The highest annual ongoing cost includes labor, operating, and maintenance associated with equipment for printing labels, and labor related to software maintenance and training needed to maintain the GUDID system. Other ongoing costs include paying initial and annual fees to the Issuing Agencies and/or the  GMDN agency ( for ongoing maintenance of the system. You will need to have additional personnel in most cases to manage these other requirements.

Post-market Surveillance Factors

Post-market Surveillance Factors are either a cost or benefit to the labeler, and are directly related to the Patient Safety and transparency aspects of the UDI Regulation. The goals of the FDA in enacting the UDI Regulation are:

  • reduce medical errors
  • simplify assimilation of device use information into database systems (such as Electronic Health Records and Personal Health Records)
  • provide for quicker identification of medical device adverse events; improve the speed of the development of solutions to reported problems
  • hasten and improve the efficient closure of device recalls
  • more focused and effective FDA Safety Communications
  • allow professionals and end-users access to additional product information via GUDID

In my opinion, there are other factors just as important which companies should pay attention to as they complete UDI requirements, including the ability to:

  • develop complete safety and effectiveness profiles for devices
  • reduce waste by helping to eliminate duplicate inventory at healthcare facilities
  • identify new uses for devices, which will help increase value for shareholders, customers, and end-users

Today, the identity of labelers is hidden from users and patients. Tomorrow, when the FDA’s goals are realized, labelers will be faced with increased transparency. You will need to address increased transparency by acting quickly to product performance trends. In today’s world of instant communication, you cannot afford to ignore safety issues brought to light by post-market surveillance factors. Anyone who does does so at their peril.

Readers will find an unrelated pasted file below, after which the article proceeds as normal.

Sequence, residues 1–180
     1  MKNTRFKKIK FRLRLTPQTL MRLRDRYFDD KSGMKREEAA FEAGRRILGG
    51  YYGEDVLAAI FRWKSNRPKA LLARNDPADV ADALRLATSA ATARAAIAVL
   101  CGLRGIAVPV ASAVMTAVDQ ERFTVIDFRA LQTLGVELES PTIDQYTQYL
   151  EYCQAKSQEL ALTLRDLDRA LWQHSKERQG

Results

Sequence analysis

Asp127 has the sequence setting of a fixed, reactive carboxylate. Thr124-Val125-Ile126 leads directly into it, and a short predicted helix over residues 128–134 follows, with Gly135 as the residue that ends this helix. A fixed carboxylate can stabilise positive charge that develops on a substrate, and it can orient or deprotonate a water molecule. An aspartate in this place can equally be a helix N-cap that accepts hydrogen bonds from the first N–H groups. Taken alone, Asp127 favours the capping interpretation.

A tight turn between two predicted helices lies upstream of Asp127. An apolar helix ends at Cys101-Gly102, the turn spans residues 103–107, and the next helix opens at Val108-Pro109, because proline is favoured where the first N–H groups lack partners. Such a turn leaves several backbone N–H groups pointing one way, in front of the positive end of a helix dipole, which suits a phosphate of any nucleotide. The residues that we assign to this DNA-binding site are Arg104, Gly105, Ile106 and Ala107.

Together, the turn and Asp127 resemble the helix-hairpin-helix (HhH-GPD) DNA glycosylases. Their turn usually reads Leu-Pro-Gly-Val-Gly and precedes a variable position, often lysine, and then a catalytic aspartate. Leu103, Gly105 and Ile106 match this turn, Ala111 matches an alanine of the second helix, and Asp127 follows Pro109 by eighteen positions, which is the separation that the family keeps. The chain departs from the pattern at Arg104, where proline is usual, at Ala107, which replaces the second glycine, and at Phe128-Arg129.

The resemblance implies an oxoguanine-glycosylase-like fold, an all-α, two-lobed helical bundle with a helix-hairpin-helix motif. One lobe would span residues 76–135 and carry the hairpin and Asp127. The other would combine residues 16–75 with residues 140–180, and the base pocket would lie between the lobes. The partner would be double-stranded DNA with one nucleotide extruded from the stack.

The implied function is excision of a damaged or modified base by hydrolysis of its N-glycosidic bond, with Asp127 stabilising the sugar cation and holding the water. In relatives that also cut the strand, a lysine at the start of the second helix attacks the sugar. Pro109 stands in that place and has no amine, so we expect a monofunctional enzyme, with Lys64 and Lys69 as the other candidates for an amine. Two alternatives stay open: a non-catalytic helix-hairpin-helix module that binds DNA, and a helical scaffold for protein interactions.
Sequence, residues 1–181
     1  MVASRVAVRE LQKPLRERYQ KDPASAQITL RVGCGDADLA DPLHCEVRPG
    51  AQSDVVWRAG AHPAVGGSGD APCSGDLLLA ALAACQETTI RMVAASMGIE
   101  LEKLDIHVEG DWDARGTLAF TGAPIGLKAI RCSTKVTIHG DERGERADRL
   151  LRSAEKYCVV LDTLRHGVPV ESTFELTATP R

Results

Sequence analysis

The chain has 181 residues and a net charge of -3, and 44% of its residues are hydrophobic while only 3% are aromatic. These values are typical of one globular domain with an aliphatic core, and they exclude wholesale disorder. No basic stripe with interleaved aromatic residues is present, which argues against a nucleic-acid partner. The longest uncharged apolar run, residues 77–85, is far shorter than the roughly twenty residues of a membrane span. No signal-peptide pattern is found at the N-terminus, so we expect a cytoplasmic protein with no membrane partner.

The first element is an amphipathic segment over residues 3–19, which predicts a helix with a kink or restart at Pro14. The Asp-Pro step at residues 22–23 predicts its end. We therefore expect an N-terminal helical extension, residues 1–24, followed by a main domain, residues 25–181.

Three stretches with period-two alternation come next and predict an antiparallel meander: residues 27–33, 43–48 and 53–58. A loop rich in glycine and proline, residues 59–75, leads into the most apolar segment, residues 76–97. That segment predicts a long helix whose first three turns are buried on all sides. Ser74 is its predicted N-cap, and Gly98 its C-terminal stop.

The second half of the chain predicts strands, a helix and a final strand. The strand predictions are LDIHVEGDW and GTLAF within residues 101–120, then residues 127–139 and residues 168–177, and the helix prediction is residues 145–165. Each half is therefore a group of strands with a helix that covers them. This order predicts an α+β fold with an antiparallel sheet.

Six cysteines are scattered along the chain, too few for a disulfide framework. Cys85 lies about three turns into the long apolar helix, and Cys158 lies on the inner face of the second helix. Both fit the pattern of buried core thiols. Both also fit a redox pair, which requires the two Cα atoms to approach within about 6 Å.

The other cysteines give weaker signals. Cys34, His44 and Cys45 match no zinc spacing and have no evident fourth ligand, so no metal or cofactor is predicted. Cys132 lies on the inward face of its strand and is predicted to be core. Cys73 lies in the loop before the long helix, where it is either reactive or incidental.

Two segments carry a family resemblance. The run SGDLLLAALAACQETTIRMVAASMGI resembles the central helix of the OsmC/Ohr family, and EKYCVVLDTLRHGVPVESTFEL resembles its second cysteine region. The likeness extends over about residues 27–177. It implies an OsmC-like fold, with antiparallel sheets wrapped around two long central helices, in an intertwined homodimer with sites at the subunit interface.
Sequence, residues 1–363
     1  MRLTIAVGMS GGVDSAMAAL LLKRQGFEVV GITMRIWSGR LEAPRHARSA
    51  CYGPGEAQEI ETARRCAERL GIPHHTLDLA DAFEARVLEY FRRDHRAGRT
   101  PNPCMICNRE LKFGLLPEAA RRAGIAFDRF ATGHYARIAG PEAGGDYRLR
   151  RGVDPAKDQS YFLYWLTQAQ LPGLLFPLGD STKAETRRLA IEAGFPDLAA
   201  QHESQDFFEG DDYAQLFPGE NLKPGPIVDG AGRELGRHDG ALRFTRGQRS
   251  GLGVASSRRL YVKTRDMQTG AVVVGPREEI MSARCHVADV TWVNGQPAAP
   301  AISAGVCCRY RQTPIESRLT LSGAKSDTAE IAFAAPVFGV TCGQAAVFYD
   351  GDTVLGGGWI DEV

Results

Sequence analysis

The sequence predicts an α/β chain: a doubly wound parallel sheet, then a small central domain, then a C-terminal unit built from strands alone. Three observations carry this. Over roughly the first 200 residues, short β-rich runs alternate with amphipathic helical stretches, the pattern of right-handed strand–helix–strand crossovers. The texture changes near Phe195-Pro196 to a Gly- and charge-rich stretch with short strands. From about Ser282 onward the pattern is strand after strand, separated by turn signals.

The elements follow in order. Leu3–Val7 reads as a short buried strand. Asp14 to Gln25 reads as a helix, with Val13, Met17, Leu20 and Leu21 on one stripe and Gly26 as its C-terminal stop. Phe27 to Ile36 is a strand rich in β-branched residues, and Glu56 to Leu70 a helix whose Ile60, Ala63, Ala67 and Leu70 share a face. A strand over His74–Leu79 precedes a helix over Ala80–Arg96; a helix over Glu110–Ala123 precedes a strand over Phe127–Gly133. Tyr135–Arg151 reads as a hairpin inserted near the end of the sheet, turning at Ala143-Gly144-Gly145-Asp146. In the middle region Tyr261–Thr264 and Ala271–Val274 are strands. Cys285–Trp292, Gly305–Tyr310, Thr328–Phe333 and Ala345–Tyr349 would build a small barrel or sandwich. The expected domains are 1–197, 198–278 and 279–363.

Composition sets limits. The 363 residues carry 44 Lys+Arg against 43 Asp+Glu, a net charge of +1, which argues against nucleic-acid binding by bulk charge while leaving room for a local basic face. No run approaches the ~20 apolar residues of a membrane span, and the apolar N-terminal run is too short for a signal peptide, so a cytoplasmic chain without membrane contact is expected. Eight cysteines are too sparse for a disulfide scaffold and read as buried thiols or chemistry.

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Stage 2 Audit – How to Prepare (Part 1 of 2)

This blog teaches you how to prepare for a stage 2 audit on your pathway to ISO 13485 certification, and this blog is part 1 of 2.last prep Stage 2 Audit   How to Prepare (Part 1 of 2)

Stage 2 Audit

If you are not sure what ISO 13485 is, please consider our 2-part training webinar on the topic. Health Canada requires ISO 13485 certification as a requirement for all Medical Device License Applications, and most companies choose ISO 13485 certification as their method for demonstrating conformity to the requirements of the European Medical Device Regulations (MDR)–instead of a special MDD audit.

To achieve ISO 13485 certification, you must successfully complete a Stage 1 and Stage 2 certification audit with your chosen certification body. If you are interested in an overview of this certification process, you can download Medical Device Academy’s white paper on this topic, or you can watch a webinar we recorded recently on 6 steps to ISO 13485 Certification.

Management Processes are covered during the Stage 1 and Stage 2 audit

The Stage 1 audit is typically a one-day audit where the auditor is evaluating your readiness for the Stage 2 audit. The auditor will review your Quality Manual, and your procedures (19 are required) to ensure compliance with ISO 13485. Also, the auditor will sample records from critical processes to assess your readiness for the Stage 2 audit. Typically, these processes will be: